San Francisco, would be as well off, or, perhaps, better circumstanced
than when they had started for Valparaiso. He did not mention the fact
that he himself would be poorer, for he had lost the _Castor_, in which
he was part-owner, and had invested nearly all his share of the proceeds
of the sale of the gold in ship hire, guano purchases, and other
necessary expenses.

Edna was waiting in San Francisco to know what would be the next scene in
the new drama of her life. Captain Horn had written before he sailed from
Lima in the Chilian schooner for the guano islands and the Rackbirds'
cove, and he had, to some extent, described his plans for carrying away
treasure from the mound; but since that she had not heard from him until
about ten days before, when he wrote from Acapulco, where he had arrived
in safety with his bags of guano and their auriferous enrichments. He had
written in high spirits, and had sent her a draft on San Francisco so
large in amount that it had fairly startled her, for he wrote that he had
merely disposed of some of the gold he had brought in his baggage, and
had not yet done anything with that contained in the guano-bags. He had
hired a storehouse, as if he were going regularly into business, and from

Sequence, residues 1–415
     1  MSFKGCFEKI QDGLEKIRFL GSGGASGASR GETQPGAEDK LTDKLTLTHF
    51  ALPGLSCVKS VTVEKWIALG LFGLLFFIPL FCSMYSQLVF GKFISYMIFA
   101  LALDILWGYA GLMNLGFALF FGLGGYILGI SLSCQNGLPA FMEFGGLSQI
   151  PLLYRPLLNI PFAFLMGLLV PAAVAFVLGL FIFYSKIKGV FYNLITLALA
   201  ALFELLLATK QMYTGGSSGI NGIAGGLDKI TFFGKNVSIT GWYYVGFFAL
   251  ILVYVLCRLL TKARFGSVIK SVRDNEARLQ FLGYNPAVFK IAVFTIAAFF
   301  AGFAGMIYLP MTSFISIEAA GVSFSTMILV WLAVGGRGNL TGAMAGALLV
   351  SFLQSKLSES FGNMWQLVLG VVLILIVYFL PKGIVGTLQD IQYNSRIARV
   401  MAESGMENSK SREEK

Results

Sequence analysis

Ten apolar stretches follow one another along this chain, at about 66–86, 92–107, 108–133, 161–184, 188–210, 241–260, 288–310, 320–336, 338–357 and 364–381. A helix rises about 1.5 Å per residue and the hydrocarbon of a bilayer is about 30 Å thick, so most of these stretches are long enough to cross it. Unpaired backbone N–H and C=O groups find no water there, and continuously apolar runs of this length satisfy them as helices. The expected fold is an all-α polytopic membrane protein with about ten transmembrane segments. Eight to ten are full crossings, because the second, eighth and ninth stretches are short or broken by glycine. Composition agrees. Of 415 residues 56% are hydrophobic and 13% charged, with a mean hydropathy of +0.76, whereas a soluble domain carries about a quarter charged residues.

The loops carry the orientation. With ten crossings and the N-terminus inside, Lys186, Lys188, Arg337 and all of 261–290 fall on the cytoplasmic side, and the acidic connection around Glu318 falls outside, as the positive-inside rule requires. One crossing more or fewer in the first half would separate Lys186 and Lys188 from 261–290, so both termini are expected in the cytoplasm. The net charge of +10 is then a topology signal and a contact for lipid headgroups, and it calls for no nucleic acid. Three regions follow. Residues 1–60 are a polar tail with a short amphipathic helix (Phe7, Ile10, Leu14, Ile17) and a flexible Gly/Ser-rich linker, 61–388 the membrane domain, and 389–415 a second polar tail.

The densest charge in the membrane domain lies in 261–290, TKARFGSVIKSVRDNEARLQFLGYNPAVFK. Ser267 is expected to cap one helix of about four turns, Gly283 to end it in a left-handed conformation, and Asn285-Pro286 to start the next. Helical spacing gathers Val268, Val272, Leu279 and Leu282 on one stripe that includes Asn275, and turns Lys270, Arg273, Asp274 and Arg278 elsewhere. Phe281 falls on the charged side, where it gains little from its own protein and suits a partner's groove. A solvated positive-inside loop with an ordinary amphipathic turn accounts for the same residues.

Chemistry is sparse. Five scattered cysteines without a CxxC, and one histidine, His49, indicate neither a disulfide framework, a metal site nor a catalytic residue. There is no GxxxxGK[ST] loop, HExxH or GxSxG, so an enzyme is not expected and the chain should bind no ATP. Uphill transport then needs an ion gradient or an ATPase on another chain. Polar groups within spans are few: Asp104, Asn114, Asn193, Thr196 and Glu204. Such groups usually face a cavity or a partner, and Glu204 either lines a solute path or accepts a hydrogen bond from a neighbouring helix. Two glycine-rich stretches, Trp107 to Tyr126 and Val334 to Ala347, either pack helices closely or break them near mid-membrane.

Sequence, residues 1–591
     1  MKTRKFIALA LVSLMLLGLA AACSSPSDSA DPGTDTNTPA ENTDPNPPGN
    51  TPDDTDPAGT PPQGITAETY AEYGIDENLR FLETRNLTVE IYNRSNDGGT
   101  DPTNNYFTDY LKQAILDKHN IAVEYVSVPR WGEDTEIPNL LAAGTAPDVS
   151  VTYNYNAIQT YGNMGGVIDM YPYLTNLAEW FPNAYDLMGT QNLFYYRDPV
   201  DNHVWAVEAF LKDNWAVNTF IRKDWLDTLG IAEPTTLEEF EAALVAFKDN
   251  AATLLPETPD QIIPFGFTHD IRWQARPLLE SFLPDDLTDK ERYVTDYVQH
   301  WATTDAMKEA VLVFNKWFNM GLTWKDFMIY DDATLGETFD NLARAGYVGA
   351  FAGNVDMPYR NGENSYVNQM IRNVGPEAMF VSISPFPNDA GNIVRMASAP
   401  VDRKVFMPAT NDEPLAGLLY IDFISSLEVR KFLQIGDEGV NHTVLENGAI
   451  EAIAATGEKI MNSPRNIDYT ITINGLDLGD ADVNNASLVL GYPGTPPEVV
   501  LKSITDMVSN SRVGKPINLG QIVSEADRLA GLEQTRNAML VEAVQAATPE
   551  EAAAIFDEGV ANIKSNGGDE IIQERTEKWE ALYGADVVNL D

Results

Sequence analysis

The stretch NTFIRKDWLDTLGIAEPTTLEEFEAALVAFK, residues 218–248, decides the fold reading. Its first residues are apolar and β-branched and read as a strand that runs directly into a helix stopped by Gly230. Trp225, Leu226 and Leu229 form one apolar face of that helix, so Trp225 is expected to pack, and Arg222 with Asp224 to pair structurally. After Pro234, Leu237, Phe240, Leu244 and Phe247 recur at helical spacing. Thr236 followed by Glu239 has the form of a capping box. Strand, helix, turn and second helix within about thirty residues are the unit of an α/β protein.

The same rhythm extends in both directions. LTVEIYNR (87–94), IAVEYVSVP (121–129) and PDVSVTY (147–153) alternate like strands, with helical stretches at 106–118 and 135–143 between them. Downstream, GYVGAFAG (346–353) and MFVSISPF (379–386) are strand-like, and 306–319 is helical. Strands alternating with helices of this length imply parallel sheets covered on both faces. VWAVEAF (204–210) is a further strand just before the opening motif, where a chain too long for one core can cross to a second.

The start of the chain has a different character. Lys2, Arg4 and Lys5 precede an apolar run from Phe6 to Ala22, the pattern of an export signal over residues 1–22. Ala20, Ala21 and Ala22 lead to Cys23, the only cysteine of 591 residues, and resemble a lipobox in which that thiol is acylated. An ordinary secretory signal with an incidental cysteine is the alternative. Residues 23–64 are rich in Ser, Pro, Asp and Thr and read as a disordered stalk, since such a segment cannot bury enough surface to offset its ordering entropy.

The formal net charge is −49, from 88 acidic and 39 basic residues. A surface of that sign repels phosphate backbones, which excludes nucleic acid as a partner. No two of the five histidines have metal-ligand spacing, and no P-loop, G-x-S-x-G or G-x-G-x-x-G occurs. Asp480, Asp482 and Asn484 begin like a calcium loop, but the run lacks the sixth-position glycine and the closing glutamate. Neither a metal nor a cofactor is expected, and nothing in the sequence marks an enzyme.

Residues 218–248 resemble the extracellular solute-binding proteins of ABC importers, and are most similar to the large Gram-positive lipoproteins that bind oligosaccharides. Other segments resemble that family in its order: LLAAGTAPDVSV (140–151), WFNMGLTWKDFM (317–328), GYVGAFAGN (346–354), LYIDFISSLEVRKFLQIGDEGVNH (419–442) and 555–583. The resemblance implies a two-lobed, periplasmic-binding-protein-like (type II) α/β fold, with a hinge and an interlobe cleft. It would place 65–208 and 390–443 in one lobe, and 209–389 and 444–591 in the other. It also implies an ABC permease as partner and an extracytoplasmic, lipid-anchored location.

which he would dispose of his stock of guano after he had restored it to
its original condition. To do all this, and to convert the gold into
negotiable bank deposits or money, would require time, prudence, and even
diplomacy. He had already sold in the City of Mexico as much of the gold
from his trunk as he could offer without giving rise to too many
questions, and if he had not been known as a California trader, he might
have found some difficulties even in that comparatively small

The captain had written that to do all he had to do he would be obliged
to remain in Acapulco or the City of Mexico--how long he could not tell,
for much of the treasure might have to be shipped to the United States,
and his plans for all this business were not yet arranged.

Before this letter had been received, Mrs. Cliff had believed it to be
undesirable to remain longer in San Francisco, and had gone to her home